When using your whipped cream dispenser, freshly primed with gas, be certain to press gently on the trigger, and hold the nozzle perpendicular to the object receiving the whipped cream. The nozzle on the side with a low acute angle is not a good idea.
Sarah Bryan Miller lost her long fight with cancer today.
She was a warrior in many ways, not least for concert and art music in Saint Louis, and for music in the Episcopal Church.
Bryan was one of the first people I met when I moved here. She was warm and generous, and by all accounts a fierce friend to those in her orbit. She fought the good fight, and ran the race set before with assuredness and faith.
The world lost an angel today, but Heaven gained one.
Rest In Peace, Bryan, and may light perpetual shine upon you.
My student John mentioned getting a drum throne for the time he spends at the piano. I considered my options and thought I might join him.
After teaching one lesson on Friday, the report is positive. My back feels supported. I can adjust the height more easily than I can a piano bench.
For Nelson, however, there are drawbacks. He is accustomed to sleeping underneath the piano bench when I am at the piano. And he likes to occasionally hop up on the piano bench and join me. Neither are now possible. He was not amused while I taught the lesson on Friday.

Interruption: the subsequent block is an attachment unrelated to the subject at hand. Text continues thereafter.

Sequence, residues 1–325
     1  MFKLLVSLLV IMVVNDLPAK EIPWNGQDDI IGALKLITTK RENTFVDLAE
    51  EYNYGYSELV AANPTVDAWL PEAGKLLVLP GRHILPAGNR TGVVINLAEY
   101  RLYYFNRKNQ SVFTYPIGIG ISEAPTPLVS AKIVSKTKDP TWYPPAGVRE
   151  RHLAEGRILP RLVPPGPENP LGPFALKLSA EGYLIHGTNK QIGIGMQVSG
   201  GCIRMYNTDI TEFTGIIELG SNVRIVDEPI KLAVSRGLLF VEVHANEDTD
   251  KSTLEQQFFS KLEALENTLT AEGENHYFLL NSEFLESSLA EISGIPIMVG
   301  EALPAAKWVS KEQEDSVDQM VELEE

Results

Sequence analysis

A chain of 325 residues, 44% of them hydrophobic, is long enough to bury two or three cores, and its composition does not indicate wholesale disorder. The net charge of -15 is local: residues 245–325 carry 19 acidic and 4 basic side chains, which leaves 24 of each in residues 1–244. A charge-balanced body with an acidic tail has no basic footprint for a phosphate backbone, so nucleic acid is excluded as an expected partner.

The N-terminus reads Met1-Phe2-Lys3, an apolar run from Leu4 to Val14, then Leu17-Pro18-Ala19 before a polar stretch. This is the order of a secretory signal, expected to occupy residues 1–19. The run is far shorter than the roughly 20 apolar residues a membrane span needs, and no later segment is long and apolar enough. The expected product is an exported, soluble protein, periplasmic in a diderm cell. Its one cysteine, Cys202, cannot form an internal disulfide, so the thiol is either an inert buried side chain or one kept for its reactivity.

Thanksgiving evening. A family Zoom session.
That’s (clockwise from top left) Beth with two of her kids, me, Karen with her partner Debbie, and Karen’s grandson Leo.
A happy time was had by all.
A laden table, outdoors. Friends in the garden. Three different pies. A bottle of bubbly. More food than any ten people could eat, let alone just four. Leftovers for several days.
This is how we celebrate Thanksgiving, COVID-style.
I took the turkey carcass (a smoked turkey, from Kenrick’s) and made a yummy stock. A seven-hour slow simmer reduced the liquid by half. And left these remains:
A most happy Thanksgiving to all in these surreal times.
25 years. These two were married 25 years ago today.
Happy silver anniversary to my youngest sister,Beth, and her husband, Robert!
My most important college mentor, Dr. Dan Cochran, died last month, at the age of 86.
Dr. Dan was my philosophy teacher at Southwest Baptist University. I loved my first (required) class with him so much that I decided to minor in philosophy.
From him I learned to think outside the box. How to process ideas and reach conclusions. And I started my journey toward living without black and white, right and wrong, yes or no, A or B as the only binary options.
Dr. Dan knew my father from their days together at Mizzou, and was one of the very first people I met at what was then Southwest Baptist College. The year was 1979.
Rest in peace, Dr. Dan.
Some nights one just needs a fire in the fireplace after a long and trying day…
A postcard to my great-aunt and -uncle, Esther and John Summers, sent in July 1969 from Victoria, British Columbia.